REAL-TIME CITY The city as an ambient interface
Workshop 19.04 - 26.04.2013 Achilleas Psyllidis | Bas Kalmeyer
Actualities Workshop AR01TWF020 | AR0155
REAL-TIME CITY Spring semester 2013 19.04 - 26.04.2013
Tutors: Achilleas Psyllidis A.Psyllidis@tudelft.nl firstname.lastname@example.org Bas Kalmeyer email@example.com
Contents _Introduction _The sites _The method + workshop structure _Deliverables _Brief workshop schedule _Timetable _References
Studio Roosegaarde, “Smart Highway - Dynamic Paint” (2012)
Introduction Cities are manifestations of multi-relational networks, which perpetually become far more complex as we experience a shift from an industrial economy to one driven by the forces of (digital) information and services. Two of the most critical phenomena that drive the proliferating complexity of the contemporary urbanities can, on the one hand be identified in the rapid global urbanization processes and on the other, in the perpetual pervasiveness of information technologies within the urban environments. This consecutive ubiquity of urban systems and networks utilizing digital technologies for their operation, generates enormous amounts of digital traces that reflect in real-time how people make use of space and infrastructures in the city. Industry-driven societies have, instead, been characterized by a plethora of visible activity patterns in the physical spaces of the city, reflecting the production streams (e.g. protruding factory chimneys in an endless production of smoke). But, as ambient technologies gratingly diffuse within the urban environments the “by-products” of human activity, in turn, become less and less traceable. These digital, invisible traces, which represent what Neil Leach has characterized as the contemporary city’s “pulse”, figuratively appear as an additional, intangible layer hovering above the urban fabric. Thus, contrary to the prevailing theories and predictions of the 90s that the physicality of the city will be diminished by the virtual domain, contemporary urban configurations are proliferating globally, while incorporating media technologies in a dynamic, hybrid state between the physical and the digital. In other words, they increasingly represent emergent inter-relations between people, activities, context and technologies. Yet, how can the perception of ICT media and the derivative ambient data as superimposed layers over the existing city drastically affect the urban layout? Does this overlaid ontology render digital information capable of shaping the urban space in the same way that built components do? Or does it presuppose the primary role of the built environment in constituting our everyday experiences in the city? Can digital information equally co-constitute these experiences? Embedded within such a dynamic context, the workshop aims at developing interactive urban systems, plugged in existing open public spaces, in the form of ambient interfaces. These systems are intended to serve as interactive platforms for both citizens and municipal planning authorities, that apart from harnessing and visualizing real-time diverse quantifiable data, derived from everyday urban activities, they would also be able to provide feedback-loop processes to, ultimately, influence the physical and behavioral patterns of the city. The workshop will focus on real-time systems that are perceived as integral parts of the urban environment and less on the development of specialized application or website platforms, which are conceptually as well as physically separated from the actual environment from which the data originate, thereby turning the urban experience into a virtual one. Further, the challenge for the systems proposed will be to create a relational model of the different parameters each platform is concerned with, so that the impact on the urban fabric will not only respond to individual parameters, but would rather refer to the repercussions resulting from a relation that can be established between different elements and attributes of the city (e.g. between people and traffic levels, between people and environmental conditions etc).
The sites The workshop utilizes as case area the city of Rotterdam. Different public spaces, equal to the amount of student groups formed, will operate as test-beds for the development of case-specific interactive urban systems. Two distinguishing aspects characterize Rotterdam as a challenging case study. Firstly, its multicultural diversity inasmuch as people from 173, mostly non-Western, different nationalities constitute half of the cityâ€™s inhabitants (in 2011, according to the Dutch Center for Research and Statistics) and, secondly, its ground-up reconstruction and re-habitation after the sheer devastation during World War II. Such a multifaceted context â€“ which is also very willing to change â€“ can establish an influential field to attain a trans-scalar understanding of the relational networks between people and space, utilizing the proposed urban platforms.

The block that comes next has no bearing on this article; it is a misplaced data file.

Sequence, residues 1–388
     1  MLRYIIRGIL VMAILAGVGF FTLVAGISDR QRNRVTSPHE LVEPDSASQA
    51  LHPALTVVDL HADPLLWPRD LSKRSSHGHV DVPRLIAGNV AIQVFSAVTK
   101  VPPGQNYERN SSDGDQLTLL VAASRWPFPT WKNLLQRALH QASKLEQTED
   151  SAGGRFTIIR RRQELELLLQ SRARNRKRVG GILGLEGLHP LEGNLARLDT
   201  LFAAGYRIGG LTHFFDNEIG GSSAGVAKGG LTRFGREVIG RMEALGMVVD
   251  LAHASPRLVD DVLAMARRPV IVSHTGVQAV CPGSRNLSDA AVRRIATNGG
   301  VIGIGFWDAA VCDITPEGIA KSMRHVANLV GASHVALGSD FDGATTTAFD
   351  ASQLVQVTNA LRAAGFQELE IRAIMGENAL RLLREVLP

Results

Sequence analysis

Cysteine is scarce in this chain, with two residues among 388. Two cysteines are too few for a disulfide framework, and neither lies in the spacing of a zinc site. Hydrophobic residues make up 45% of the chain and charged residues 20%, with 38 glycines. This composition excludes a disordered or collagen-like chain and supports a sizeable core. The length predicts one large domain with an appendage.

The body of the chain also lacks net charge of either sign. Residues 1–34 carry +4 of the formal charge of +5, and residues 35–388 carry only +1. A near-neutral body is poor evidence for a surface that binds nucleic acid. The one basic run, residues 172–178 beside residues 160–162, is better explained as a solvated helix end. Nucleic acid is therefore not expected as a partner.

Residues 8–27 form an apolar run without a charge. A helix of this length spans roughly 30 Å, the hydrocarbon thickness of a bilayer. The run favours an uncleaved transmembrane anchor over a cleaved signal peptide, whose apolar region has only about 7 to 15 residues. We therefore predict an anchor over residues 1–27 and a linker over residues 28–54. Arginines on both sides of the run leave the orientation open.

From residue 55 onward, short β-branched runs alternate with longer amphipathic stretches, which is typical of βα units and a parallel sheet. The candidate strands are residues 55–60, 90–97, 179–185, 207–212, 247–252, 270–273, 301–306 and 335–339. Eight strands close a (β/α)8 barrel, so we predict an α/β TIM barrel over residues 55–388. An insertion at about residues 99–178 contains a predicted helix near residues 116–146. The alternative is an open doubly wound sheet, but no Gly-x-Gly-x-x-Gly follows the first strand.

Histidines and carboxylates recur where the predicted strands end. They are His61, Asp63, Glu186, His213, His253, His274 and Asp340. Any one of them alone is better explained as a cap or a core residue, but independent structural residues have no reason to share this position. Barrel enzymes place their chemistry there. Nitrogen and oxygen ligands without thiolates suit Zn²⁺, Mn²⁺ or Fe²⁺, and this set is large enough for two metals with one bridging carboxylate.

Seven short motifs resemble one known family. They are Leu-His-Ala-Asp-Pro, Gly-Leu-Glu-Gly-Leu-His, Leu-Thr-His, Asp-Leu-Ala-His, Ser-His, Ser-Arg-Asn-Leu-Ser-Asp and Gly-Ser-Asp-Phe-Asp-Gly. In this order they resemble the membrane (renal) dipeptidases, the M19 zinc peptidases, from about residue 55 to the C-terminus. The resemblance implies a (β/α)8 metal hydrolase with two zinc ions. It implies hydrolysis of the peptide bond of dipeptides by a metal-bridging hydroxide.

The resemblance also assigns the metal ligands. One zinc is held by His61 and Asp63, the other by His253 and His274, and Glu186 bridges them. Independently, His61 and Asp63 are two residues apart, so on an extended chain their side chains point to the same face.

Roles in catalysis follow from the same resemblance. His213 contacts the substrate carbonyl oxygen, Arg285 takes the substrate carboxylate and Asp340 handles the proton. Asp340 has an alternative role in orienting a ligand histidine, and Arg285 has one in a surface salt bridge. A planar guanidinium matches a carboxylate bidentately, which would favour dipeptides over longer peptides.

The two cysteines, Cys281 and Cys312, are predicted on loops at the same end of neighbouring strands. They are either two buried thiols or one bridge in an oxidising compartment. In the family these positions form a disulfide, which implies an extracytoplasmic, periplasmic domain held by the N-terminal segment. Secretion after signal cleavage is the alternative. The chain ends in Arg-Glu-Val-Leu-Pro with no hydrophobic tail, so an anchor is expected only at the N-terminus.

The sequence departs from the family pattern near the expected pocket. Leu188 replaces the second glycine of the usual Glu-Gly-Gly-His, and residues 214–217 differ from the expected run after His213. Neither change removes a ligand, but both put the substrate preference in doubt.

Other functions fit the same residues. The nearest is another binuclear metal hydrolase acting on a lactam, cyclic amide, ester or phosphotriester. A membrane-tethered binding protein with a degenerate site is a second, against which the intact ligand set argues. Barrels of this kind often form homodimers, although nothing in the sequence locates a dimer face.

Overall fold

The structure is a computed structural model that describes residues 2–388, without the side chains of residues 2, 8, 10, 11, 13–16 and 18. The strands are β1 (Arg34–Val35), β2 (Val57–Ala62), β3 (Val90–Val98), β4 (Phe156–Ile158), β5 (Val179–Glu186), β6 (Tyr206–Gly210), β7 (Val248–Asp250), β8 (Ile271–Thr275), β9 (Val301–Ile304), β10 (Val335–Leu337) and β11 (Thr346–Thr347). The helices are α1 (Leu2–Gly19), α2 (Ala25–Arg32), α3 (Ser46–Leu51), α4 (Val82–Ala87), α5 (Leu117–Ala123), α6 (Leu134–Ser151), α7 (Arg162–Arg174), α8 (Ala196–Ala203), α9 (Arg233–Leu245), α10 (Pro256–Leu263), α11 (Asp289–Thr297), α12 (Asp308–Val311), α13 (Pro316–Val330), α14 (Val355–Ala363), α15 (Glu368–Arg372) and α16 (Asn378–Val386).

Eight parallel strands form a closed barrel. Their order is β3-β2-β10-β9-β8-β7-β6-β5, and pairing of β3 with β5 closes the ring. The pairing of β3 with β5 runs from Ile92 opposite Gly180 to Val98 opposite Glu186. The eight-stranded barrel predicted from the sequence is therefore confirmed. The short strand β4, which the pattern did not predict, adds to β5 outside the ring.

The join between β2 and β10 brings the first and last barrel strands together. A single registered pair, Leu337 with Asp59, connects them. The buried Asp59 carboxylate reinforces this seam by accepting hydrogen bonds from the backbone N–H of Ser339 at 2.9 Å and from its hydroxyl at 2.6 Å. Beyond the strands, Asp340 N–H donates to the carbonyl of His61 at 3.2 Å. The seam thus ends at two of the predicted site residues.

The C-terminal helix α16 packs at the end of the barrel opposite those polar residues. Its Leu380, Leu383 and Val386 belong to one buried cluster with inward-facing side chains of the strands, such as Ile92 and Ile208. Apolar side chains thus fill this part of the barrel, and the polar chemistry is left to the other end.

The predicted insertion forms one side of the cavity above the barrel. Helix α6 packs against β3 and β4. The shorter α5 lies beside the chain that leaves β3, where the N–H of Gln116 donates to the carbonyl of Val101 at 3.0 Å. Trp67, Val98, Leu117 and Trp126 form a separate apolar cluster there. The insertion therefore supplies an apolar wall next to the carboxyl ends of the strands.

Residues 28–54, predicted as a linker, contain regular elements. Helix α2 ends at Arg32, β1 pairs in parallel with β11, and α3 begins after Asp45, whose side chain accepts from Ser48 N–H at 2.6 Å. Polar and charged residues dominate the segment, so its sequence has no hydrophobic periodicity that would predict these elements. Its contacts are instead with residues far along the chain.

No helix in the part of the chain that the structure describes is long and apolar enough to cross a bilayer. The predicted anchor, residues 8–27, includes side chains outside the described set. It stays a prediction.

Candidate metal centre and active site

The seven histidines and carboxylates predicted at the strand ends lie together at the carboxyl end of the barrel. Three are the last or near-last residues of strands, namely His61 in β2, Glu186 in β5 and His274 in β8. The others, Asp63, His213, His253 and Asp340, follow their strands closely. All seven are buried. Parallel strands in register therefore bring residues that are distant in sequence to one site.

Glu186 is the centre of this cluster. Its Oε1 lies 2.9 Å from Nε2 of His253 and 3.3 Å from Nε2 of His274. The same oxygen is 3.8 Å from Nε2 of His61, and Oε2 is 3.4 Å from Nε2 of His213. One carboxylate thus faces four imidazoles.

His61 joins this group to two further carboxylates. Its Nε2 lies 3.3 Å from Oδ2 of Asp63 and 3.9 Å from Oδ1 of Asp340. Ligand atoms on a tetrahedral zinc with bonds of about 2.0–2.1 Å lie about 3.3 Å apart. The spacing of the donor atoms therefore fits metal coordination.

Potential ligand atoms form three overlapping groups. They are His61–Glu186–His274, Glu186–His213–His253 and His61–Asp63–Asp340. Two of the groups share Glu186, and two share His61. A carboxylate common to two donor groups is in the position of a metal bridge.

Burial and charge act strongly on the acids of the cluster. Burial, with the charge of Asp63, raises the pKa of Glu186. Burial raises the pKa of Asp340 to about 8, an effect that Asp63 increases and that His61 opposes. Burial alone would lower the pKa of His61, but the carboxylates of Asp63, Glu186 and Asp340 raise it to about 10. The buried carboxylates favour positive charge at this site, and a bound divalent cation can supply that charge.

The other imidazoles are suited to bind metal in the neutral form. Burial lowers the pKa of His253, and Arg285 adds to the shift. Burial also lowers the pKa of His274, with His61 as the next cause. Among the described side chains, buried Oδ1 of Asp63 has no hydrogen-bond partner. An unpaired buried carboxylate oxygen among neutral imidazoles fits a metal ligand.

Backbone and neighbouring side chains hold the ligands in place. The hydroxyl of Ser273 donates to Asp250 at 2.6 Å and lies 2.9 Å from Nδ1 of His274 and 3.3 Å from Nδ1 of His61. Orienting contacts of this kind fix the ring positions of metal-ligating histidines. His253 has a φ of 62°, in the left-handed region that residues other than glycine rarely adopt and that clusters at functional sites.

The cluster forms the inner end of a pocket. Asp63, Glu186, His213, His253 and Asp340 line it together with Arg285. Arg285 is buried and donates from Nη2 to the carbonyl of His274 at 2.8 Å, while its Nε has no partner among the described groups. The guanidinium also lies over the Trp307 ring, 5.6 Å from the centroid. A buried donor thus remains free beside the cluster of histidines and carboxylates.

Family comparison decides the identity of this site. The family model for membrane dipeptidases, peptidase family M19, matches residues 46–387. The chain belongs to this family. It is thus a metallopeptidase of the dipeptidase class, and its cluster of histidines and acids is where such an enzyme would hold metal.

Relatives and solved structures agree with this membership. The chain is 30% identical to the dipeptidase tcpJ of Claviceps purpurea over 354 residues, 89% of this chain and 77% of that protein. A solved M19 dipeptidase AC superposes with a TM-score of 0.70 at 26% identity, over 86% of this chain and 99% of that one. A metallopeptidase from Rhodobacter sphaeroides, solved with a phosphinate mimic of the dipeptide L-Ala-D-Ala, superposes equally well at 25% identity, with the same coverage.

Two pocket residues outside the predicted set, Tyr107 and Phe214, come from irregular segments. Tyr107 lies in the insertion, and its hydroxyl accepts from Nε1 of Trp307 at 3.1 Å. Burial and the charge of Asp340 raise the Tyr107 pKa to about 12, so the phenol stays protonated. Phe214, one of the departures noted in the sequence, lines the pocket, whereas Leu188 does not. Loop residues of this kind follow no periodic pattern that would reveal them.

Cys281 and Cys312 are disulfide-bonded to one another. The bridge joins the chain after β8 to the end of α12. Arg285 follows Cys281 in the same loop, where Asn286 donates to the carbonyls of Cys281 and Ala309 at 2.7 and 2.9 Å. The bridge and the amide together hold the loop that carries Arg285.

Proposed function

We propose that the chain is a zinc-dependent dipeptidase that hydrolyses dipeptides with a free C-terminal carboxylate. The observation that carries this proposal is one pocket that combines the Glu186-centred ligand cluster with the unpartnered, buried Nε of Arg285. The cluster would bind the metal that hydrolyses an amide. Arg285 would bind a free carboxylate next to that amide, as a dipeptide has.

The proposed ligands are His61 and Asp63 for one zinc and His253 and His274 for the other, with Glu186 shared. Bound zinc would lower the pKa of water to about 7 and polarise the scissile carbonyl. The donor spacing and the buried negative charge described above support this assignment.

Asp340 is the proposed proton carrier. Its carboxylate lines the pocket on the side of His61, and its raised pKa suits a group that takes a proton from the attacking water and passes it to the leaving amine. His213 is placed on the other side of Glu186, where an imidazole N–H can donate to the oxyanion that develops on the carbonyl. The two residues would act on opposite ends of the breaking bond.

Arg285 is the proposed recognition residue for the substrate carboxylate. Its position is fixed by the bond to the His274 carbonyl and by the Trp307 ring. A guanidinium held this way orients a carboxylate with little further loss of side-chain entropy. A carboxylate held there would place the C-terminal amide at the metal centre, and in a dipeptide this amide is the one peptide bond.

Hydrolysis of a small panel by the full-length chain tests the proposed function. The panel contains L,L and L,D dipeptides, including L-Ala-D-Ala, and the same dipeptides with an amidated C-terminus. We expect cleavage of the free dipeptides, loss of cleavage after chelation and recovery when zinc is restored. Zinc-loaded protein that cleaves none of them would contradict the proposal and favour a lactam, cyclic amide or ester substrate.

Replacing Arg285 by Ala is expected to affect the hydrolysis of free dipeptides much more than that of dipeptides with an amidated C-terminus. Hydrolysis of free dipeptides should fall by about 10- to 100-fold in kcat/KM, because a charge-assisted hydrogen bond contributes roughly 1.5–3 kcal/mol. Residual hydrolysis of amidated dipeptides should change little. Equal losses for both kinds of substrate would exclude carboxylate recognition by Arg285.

The method + workshop structure Students will familiarize themselves with relevant examples and already conducted research for reference and inspiration. Therefore, content-related reading and reference material will be provided, prior to the beginning of the workshop. Following the kick-off presentation (Friday, April 19th), a brainstorming session will take place, which will last no longer than three hours. At the end of this particular session, student groups â€“ according to the assigned focus sites â€“ will present briefly their first ideas and reflections on how they perceive an interactive urban system, its functionality and the way in which the system can potentially be embedded in the urban fabric. During the intermediary weekend, students have the opportunity to visit their assigned sites, so that they can collect relevant data material useful for the workshop process and have the opportunity for reality-testing of their draft concepts on-site. By utilizing their first ideas and on-site observations, students will directly begin to clarify their urban system concepts in further detail. Mid-term review will take place on Tuesday, April 23rd with invited experts. In the presentation, participants are expected to deploy a concrete methodological framework regarding each proposed ambient system. Further, they should be able to describe their following intentions towards the finalization of the project. Remarks and feedback acquired during the mid-term presentation will be further implemented in the development and final determination of each groupâ€™s proposal. Since we are aiming at examining how local changes can have a global impact on the wider-city level, on Thursday, April 25th we will also focus on potential ways in which the diverse proposal can be inter-connected in a relational, networked model that can result in larger-scale repercussions. Friday, April 26th late afternoon, the Final Review will take place, where all student groups will present their proposals to their fellow peers and invited guests.
Studio Roosegaarde, “Smart Highway - Interactive Light” (2012)
Achilleas Psyllidis - Collision studies of agents in urban networks; scripted in Processing (2012)